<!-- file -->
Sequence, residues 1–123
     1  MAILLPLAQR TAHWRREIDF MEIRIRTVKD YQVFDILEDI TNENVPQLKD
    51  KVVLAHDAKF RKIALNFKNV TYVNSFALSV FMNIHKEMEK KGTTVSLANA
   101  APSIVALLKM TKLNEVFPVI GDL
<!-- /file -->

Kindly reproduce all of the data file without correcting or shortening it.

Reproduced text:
Sequence, residues 1–123
     1  MAILLPLAQR TAHWRREIDF MEIRIRTVKD YQVFDILEDI TNENVPQLKD
    51  KVVLAHDAKF RKIALNFKNV TYVNSFALSV FMNIHKEMEK KGTTVSLANA
   101  APSIVALLKM TKLNEVFPVI GDL